Students created posters and slogans to inform the school and community of the different types of bullying, as well as encourage them to stop bullying.
One group of students developed and performed an interactive play for the younger grades that addressed bullying issues in the classroom and playground.
Another group developed a newsletter with useful tips on their website that addressed bullying issues specific to Lingelbach.
Our community partners helped us along the way providing support and guidance, sharing and giving good advice.
For instance, Joe Davis, a former junkie and drug dealer, who is now a mental health therapist, works tirelessly to end senseless violence. Joe informed students how he had been a bully victim once and of that tragedy made him turn to drugs and eventually he became a bully himself. Fortunately, he came to his senses and changed his life.
Ms. Katrina Hamilton-Johnson, from WORA spoke to students about sexual harassment and the way it was connected with bullying. After giving students a few guidelines to follow in order to prevent harassment, she told them that they needed to step up and help each other, especially if they were clearly aware of the danger of the situation a person was in.
Ms. Shelley Hedland, from Multicultural Youth Exchange worked with students to create projects for our topic. She helped design t-shirts with slogans to prevent bullying and to inform people about the issues concerning bullying. She also helped students create brochures using computers.
Digital Service Fellows sent two great helpers to assist students in their learning. Drew and Tioni stopped by every Thursday and helped students create a PowerPoint presentation. They also taught students how to use special effects and import music into their slideshow, thus, improving the students’ computer literacy and making them more absorbed in the topic of the research.
The multiples used in our project to prompt deep thinking and analysis about oneself and one’s relationship to society are as follows:
Journals were used daily so that students could record what they learned, they took notes, wrote observations and reflections.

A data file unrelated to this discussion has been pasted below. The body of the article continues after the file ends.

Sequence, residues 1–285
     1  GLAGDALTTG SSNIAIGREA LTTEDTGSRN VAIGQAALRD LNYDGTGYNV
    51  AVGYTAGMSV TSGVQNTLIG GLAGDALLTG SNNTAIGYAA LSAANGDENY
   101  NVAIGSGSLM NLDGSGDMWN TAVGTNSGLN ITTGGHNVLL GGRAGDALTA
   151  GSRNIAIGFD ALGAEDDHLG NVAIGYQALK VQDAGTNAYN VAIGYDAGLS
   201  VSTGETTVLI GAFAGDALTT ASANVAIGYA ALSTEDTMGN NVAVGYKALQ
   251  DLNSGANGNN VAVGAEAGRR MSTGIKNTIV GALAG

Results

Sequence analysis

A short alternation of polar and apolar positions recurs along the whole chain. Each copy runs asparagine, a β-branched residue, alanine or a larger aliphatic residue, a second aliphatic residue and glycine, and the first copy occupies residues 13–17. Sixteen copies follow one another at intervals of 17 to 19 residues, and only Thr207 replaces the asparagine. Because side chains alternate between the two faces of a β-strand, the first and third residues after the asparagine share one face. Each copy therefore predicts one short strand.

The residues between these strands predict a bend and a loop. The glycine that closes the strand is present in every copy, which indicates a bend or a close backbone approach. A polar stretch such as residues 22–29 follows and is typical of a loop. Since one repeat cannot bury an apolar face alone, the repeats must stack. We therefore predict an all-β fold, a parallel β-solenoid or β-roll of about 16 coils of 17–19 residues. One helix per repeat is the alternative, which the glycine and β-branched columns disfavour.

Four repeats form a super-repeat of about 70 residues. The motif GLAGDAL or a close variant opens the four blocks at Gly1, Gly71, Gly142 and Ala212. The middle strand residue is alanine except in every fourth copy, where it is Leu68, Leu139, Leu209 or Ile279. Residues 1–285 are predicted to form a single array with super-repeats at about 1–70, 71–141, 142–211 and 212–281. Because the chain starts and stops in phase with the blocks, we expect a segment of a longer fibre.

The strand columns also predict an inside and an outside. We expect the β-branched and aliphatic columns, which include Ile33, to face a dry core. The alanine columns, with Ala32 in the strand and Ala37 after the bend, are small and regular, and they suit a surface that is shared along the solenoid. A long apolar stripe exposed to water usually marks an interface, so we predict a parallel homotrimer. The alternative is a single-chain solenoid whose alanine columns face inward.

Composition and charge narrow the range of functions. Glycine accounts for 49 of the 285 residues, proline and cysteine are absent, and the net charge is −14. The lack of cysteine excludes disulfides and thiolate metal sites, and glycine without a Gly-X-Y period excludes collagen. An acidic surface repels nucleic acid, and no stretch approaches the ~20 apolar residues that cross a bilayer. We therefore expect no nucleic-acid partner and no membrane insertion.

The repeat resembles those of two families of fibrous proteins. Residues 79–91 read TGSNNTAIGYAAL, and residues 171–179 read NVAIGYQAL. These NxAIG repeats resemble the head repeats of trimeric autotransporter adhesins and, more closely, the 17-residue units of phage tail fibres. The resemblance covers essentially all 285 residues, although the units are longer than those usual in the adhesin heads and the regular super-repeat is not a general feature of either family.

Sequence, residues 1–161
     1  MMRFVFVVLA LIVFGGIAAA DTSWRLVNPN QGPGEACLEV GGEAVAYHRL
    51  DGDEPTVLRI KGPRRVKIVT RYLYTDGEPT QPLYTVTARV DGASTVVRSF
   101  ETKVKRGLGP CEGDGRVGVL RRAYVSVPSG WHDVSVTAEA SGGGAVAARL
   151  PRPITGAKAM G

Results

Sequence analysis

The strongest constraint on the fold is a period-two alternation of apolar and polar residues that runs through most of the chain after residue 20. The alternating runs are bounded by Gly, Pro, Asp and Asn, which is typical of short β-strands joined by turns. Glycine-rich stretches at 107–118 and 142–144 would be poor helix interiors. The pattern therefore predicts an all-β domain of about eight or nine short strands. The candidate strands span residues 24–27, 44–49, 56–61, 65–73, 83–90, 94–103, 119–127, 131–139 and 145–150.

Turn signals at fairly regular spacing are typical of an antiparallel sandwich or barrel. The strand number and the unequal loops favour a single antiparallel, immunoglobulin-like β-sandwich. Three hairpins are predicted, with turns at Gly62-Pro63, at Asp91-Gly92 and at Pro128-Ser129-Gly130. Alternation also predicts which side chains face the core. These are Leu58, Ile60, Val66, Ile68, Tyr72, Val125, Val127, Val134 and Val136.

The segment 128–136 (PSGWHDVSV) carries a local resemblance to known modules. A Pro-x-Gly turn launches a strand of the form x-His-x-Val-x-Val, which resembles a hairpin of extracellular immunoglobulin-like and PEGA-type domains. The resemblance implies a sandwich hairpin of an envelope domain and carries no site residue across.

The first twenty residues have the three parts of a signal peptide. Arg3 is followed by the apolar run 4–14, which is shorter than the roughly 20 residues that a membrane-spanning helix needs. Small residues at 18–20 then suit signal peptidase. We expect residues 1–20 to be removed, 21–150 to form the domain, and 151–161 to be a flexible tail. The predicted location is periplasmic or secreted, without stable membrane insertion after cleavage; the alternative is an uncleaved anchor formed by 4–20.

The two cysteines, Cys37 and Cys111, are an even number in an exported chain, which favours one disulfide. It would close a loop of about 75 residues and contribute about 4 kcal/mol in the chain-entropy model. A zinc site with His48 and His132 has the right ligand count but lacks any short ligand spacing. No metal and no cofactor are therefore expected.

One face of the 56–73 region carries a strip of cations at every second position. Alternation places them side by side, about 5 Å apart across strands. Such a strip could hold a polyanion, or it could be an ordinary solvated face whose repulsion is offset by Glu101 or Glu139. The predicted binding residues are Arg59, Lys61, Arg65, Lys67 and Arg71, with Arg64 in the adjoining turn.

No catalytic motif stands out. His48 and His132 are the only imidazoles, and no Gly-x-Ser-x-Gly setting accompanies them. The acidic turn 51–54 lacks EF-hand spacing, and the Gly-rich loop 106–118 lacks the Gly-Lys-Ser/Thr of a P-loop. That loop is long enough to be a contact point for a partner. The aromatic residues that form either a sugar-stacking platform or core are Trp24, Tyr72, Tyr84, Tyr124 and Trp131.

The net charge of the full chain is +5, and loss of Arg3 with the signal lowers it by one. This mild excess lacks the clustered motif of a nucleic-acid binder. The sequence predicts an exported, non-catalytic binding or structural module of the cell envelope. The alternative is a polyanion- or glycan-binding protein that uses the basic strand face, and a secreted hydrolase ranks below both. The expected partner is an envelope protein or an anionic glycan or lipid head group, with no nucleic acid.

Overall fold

This summary strategy was used several times after reading a chapter in the book “Scorpions”.
Compare and Contrast is another strategy that we used to analyze the characters in the book “Scorpions”.
Creating a Game was the product of the students’ creativity, they selected theoretical information they learned about bullying and applied it in practice, created the game. The results have proved to be very fruitful: a very educational and amusing game appeared.
Teacher/Student Conference was the assessment tool I used to monitor students’ progress as they worked at the assignments and projects. This activity gave me a good indication of the areas where the students found their bearings successfully and identified the areas where additional assistance was needed.
Oral Presentations were frequently used during our service-learning; students had numerous opportunities to express themselves in putting on the play (drama), reading poetry (recitations), reporting material based on the research on the topic of bullying (speeches).
KWL was used when a new concept was being taught.
Response Group is an excellent way to have students organized and run the group. During our research, the students responded to the book “Scorpions” by Walter Dean Myers and were very successful asking questions and discussing answers.
Self-Evaluation was also applied and was proved to be a very productive activity. I asked the students to evaluate their own work themselves and keep it in their service-learning folders. This folder consisted of run-off papers, activities, puzzles, assignments given in class, and work done in groups. When I met with each student for our conference time, we discussed and analyzed their evaluation.
The reflection strategies above have enabled my students to use their critical thinking skills to solve problems and come to conclusions about the topic of bullying. Using the above mentioned strategies with the major subject areas was challenging but in the end, it proved to be very rewarding.
Progress was monitored in the following ways:
Students wrote in their journals and kept a folder with important papers (test and handouts). I conducted conferences with students to assess the progress of their research work and to review their journals and folder with them. This gave me important information about their progress. In their journals, they wrote poems, thoughts and ideas they had about the book “Scorpions”, summaries, thoughts concerning the newspaper articles they read, reflections on the stories presented by our community partners, essays, etc.
Rubrics were provided for all activities, this helped students understand the assignment, create the plan of work, and complete it successfully.
During our service-learning time, we had students who took responsibility and helped around school. For instance, in the schoolyard they helped the lunchroom aids break up fights. They took on the role of mediators to help the students resolve their conflicts.
They also developed listening skills by taking active participation in the presentations conducted by community leaders.